Baseline characteristics were similar in both arms, Moreau noted. The median age was 64 years (range, 33-90), and 8.8% of patients were 75 years or older. The percentages of those with R-ISS I, II, and III disease were 53.2%, 30.2%, and 15.4%, respectively. Moreover, 44.4% of patients had 1 prior line of therapy, 32.5% had 2, and 21.4% had 3 or more prior treatments. Nearly 90% of patients (89.1%) received a prior proteasome inhibitor while 78.7% of patients previously received an immunomodulatory drug (IMiD); 33% of patients were refractory to lenalidomide (Revlimid). Twenty-four percent of patients had high-risk cytogenetics.
Results also showed that the PFS benefit was consistent across patient subgroups, “including patients who are difficult to treat, such as [those with] high-risk cytogenetics or elderly patients,” Moreau said during the presentation.
The ORR was 86.6% with the isatuximab arm versus 82.9% with carfilzomib/dexamethasone (P = .19); the VGPR rates were 72.6% and 56.1%, respectively (P = .0011). Additionally, the CR rate was 39.7% with the isatuximab regimen versus 27.6% with carfilzomib/dexamethasone. The MRD-negativity rate (105), as assessed via next-generation sequencing in the intent-to-treat population was 29.6% and 13.0% with the isatuximab and carfilzomib/dexamethasone–alone arms, respectively (P = .0004). When assessed in patients who achieved a VGPR or better, the MRD-negativity rate was 41.4% for isatuximab plus carfilzomib/dexamethasone and 22.9% for carfilzomib/dexamethasone alone.
While there was no difference in OS, Moreau stressed that the data remain immature with only 17.3% of events reported in the isatuximab arm and 20.3% of events in the carfilzomib/dexamethasone–alone arm having occurred.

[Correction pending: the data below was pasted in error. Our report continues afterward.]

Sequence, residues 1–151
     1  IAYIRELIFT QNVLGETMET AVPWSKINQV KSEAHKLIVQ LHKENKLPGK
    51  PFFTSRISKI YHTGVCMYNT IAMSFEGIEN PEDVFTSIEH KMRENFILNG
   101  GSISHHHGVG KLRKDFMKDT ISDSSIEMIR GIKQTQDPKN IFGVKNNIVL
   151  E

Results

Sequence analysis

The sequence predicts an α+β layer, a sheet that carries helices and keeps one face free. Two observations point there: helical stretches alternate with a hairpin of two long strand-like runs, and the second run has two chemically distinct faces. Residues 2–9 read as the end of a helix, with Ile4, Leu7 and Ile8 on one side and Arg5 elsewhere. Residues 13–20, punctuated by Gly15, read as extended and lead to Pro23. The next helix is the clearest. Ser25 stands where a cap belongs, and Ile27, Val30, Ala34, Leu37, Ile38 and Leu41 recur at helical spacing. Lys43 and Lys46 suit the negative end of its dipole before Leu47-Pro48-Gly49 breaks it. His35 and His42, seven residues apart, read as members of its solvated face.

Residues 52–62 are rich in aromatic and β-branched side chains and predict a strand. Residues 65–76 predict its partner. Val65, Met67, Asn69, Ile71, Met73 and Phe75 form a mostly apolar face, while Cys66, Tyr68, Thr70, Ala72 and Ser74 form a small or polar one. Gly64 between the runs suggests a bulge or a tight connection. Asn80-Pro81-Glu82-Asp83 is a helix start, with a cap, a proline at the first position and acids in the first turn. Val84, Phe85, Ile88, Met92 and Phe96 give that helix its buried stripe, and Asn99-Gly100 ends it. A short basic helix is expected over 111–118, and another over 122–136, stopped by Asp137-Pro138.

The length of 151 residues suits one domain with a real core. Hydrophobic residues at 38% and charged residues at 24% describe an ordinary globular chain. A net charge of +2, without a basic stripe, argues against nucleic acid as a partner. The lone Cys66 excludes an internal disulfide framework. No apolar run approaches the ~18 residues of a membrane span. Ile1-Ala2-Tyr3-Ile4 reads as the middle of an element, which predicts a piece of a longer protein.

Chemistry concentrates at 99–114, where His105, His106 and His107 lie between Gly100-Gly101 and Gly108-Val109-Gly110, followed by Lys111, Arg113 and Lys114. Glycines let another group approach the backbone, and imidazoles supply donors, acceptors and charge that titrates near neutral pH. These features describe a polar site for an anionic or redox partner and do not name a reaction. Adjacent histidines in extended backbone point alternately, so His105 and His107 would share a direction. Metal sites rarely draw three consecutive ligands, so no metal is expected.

The time to next treatment was significantly delayed with the addition of isatuximab, said Moreau, although the data in both arms were not reached (HR, 0.566; 95% CI, 0.380-0.841). Investigators are also evaluating the outcomes of patients on both arms who went on to receive subsequent therapy, he added. Subsequent therapies in the isatuximab and carfilzomib/dexamethasone alone arms, consisted of alkylating agents (55.3% vs 39.6%), proteasome inhibitors (34.0% vs 20.8%), IMiDs (83.0% vs 79.2%), monoclonal antibodies (23.4% vs 54.7%), and further transplant (12.8% vs 9.4%).
At the median follow-up duration, 52.0% and 30.9% of the isatuximab and doublet arms remained on treatment, respectively. A total 29.1% of patients on isatuximab discontinued treatment due to disease progression compared with 39.8% of those on carfilzomib/dexamethasone, while 8.4% and 13.8%, respectively, discontinued therapy due to
AEs. Moreover, high relative dose intensity of both isatuximab and carfilzomib/dexamethasone demonstrate the feasibility of the combination, Moreau said. In the triplet arm, the median treatment duration was 80.0 weeks versus 61.4 weeks in the doublet arm.
Grade 3 or higher treatment-emergent AEs (TEAEs) were reported in 76.8% and 67.2% of patients. Moreover, the rate of treatment-emergent serious AEs were similar in both arms (59.3% with the isatuximab regimen and 57.4% with carfilzomib/dexamethasone) as well as fatal TEAEs (3.4% vs 3.3%, respectively).
All-grade and grade 3/4 infusion-related reactions, which mainly occurred during the first infusion and were mostly grade 1/2, occurred in 44.6% and 0.6% of those on the isatuximab triplet and in 3.3% and 0% of patients on carfilzomib/dexamethasone.
Moreover, grade 3 or higher hypertension occurred in 20.3% of isatuximab-treated patients and in 19.7% of those treated with carfilzomib and dexamethasone alone. Grade 3 or higher cardiac failure were similar in both arms, at 4.0% of those on the isatuximab arm and 4.1% of those on the doublet regimen. Finally, grade 3/4 thrombocytopenia and neutropenia were in 29.9% and 19.2% of isatuximab-treated patients and in 23.8% and 7.4% of those who received carfilzomib/dexamethasone.
The IKEMA results are anticipated to form the basis of regulatory submissions planned for later in 2020, according to a press release.2